Congratulations on your wedding and congratulations on starting to think about your first house! We recently purchased our first home this is all pretty fresh to me, too.
We started the homebuying process about six months before our apartment lease ended. The first thing we did was a pre-approval to find out what our buying power was from a bank’s perspective. Obviously, what you can afford is not necessarily the same as what the bank will approve you for. But it allowed us to know what was feasible in terms of a final home price — and it was up to us to determine what we could afford and were comfortable with spending.
A pre-approval is different than being pre-qualified. A pre-approval runs your credit and is taken much more seriously when it comes to putting an offer on a house. A pre-approval isn’t a guarantee of a mortgage loan — you will still have to apply for a mortgage — but it’s a great indicator that you’re financially stable enough handle the house purchase and pay the bank back.
Getting a pre-approval is also helpful for when you DO find a house you like because it shows the buyer that you’re serious, and it means you’re much more likely to get financing than a buyer who hasn’t already been approved by a bank/credit union/etc.
Our preapproval was good for 60 days I think? Some are good for 90. Make sure to ask what happens if you get pre-approved but don’t find a house within that window. (The bank we went through would have just extended the pre-approval window.)
From a paperwork perspective, get a hold of your pay stubs, bank statements, tax returns, and any proof of any other assets — retirement accounts, mutual funds, anything that shows additional assets in your name. It took me hours to pull up and make copies of this info (I kept originals for me and provided copies to the bank).
And I agree with the tips on your downpayment. Know where that money is coming from, and be ready to show that you have the funds available. If you get a windfall of money in your account too close to applying for your actual mortgage (which you’ll have to do in addition to being pre-approved), the bank is going to need to know where it came from.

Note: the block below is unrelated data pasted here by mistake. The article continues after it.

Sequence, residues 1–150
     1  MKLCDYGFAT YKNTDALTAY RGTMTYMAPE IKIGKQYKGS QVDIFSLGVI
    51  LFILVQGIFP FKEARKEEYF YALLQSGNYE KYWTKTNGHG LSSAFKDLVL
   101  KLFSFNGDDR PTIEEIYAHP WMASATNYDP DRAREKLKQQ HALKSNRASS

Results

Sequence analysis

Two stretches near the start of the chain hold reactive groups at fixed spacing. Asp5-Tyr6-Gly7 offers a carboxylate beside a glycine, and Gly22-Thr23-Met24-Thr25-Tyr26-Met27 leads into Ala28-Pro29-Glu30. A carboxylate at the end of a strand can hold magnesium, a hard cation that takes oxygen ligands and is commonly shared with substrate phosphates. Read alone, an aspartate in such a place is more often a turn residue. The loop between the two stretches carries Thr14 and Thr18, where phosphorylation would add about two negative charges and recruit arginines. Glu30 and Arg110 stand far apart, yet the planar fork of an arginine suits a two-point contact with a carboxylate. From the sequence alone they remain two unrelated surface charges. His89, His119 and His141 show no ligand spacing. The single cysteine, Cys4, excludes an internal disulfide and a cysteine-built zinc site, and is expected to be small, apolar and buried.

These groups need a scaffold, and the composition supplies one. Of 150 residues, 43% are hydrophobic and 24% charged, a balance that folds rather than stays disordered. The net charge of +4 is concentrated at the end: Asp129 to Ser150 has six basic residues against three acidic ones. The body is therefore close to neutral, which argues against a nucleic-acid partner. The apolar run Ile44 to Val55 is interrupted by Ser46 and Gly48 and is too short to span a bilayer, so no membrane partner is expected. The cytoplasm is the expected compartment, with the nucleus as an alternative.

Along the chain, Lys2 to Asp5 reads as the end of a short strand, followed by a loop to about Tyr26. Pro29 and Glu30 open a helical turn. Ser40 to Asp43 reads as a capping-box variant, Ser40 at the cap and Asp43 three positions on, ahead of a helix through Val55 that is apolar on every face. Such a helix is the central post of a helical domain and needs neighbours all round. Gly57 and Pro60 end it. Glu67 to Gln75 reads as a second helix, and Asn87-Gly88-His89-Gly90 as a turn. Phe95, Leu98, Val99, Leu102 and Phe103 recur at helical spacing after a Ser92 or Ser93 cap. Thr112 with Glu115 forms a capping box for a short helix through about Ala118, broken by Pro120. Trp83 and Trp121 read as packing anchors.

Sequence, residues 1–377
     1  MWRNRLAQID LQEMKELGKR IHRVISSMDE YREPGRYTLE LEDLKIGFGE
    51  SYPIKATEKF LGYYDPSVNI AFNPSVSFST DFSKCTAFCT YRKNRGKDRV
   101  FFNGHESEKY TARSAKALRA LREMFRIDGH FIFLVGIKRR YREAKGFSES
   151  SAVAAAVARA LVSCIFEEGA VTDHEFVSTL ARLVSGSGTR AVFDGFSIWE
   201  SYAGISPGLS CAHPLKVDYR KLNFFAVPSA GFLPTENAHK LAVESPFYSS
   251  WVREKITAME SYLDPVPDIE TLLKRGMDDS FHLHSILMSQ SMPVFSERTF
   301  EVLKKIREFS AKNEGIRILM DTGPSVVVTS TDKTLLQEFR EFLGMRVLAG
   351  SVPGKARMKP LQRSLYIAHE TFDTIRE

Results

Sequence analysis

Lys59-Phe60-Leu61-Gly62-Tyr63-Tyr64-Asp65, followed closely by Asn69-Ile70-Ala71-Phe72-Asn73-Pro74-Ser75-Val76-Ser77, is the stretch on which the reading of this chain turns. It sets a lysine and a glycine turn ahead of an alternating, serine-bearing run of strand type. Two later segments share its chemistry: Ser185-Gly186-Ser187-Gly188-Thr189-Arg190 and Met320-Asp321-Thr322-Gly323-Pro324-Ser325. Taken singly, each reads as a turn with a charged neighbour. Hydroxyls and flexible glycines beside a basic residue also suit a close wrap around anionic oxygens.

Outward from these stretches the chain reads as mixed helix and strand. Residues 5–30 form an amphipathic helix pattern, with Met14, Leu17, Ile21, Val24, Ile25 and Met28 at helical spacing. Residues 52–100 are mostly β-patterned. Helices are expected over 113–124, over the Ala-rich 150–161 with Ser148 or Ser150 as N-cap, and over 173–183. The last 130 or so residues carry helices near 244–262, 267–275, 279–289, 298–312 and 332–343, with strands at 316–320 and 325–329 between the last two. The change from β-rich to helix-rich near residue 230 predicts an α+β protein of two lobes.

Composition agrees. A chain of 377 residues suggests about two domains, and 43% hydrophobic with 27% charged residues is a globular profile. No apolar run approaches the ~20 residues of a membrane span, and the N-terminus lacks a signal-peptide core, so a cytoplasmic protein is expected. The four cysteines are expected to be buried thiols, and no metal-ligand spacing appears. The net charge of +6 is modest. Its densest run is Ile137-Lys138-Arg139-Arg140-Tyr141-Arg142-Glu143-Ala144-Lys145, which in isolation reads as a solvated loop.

And I agree with making sure you know what’s comfortable for your monthly payments. Don’t forget about taxes and homeowners’ insurance — that can add significantly to your monthly payment. If you don’t put 20% down, you’ll likely have to pay private mortgage insurance each month as well, so 20% is preferable but obviously not everyone can swing that. You will still have options, but just be aware that there will be some other costs and factors involved.
Find a realtor you trust. Have any of your friends recently bought homes and might recommend their realtors? From personal experience, I’d say go through someone who you can trust to be good at the job, and not just someone you know. I had to do a lot of legwork that my realtor should have been doing.
And the most fun and yet also frustrating part — get on the same page as your husband with your priorities: location, number of beds and baths. What is a dealbreaker and what can you be flexible on? What are you willing and not willing to take on or give up?
And like someone else said, know what your options are should housebuying take longer than you expect. Can you go month-to-month on your apartment lease? Or, can you afford to go month-to-month? (The month-to-month rates at our place were as much as our mortgage + insurances + taxes on our house!)
It sounds silly, but I totally bought the Home Buying Kit for Dummies. I really wanted to know what was going on every step of the way, and it helped enormously, along with a ton of online research so I always knew what we should be doing.
I’ll let you know if I think of anything else! I know it’s a lot to take in, but so worth it. Good luck!